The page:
Households in the age group 70 and over whose income was ranked in the bottom 20 percent, home ownership raised incomes, on average, by 20 percent.
Ottawa (26 July 2010) - The equity that homeowners have built up through a lifetime of investment in their homes makes an important contribution to household finances as they enter retirement. This is according to a recent research paper by Statistics Canada entitled, "Incomes of Retirement-age and Working-age Canadians: Accounting for Home Ownership".
According to the research paper, by retirement age 75 percent of households are homeowners, and of those, 74 percent own their homes without a mortgage.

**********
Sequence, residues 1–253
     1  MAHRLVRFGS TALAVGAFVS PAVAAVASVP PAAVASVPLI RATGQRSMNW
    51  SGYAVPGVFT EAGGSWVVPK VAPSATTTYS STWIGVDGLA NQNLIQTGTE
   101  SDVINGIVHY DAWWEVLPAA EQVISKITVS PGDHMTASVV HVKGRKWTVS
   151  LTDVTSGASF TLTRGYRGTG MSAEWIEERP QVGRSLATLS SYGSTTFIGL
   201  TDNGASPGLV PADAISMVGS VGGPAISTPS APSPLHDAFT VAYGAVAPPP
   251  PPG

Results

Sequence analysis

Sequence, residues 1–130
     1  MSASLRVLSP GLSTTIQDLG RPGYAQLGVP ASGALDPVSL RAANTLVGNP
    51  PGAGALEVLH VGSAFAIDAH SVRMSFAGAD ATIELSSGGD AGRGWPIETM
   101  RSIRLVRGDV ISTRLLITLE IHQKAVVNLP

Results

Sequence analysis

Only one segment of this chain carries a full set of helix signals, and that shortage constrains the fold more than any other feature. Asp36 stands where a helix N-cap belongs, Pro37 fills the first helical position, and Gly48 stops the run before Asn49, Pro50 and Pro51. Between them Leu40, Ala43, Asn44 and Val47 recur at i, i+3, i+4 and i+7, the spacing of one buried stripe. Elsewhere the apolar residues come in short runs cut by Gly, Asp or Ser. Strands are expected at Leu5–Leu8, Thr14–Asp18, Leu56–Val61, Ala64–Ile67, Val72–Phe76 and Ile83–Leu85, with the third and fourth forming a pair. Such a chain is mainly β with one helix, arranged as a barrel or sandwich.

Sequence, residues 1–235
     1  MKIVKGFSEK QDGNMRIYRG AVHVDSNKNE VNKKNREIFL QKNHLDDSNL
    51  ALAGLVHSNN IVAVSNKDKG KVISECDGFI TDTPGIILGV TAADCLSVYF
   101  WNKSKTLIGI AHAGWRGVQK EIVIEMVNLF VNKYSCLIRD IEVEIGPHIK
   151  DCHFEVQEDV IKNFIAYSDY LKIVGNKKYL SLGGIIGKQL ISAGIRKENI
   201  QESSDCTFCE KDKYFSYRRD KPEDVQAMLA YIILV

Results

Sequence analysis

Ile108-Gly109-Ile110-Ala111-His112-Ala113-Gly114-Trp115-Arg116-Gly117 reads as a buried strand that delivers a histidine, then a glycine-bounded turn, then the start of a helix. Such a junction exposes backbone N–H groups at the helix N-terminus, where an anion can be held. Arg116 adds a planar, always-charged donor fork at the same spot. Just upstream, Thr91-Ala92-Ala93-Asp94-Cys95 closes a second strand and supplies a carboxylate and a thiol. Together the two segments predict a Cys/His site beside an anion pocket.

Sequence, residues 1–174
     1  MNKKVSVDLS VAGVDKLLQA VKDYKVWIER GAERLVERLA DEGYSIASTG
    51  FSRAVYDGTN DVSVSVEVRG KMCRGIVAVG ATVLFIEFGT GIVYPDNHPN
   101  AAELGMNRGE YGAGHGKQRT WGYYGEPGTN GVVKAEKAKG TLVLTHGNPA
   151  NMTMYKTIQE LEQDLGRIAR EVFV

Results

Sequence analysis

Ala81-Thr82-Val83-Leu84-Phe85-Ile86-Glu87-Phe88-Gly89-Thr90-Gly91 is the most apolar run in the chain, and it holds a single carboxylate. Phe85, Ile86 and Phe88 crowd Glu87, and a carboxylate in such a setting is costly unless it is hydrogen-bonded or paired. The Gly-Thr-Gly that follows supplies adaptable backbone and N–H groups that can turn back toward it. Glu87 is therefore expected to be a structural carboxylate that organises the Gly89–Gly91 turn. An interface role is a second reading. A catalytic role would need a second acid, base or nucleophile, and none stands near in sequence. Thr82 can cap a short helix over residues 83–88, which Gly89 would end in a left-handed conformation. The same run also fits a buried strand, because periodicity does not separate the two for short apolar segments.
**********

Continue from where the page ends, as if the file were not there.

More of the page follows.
The economic benefit of owning a home is equivalent to the rent that does not have to be paid.
In 2006, when the value of this benefit was taken into account for households headed by individuals in the age group 60 to 69, it increased incomes by $5,500 or 10 percent. For households headed by those in the age group 70 and over, incomes rose by $5,400 or 12 percent.
For households in the age group 70 and over whose household income was ranked in the bottom 20 percent, home ownership raised incomes, on average, by about $4,200 or 20 percent. For households in the same age group whose income ranked in the top 20 percent, income increased by $10,400, but, in proportional terms, by a more modest 7 percent.
Across all households that own their own home, the average benefit from owner-occupied housing is lowest in Newfoundland and Labrador ($2,000) and highest in British Columbia ($7,300). Across metropolitan areas, this benefit is lowest in Saguenay, Quebec ($1,900), and highest in Vancouver, British Columbia ($8,900).
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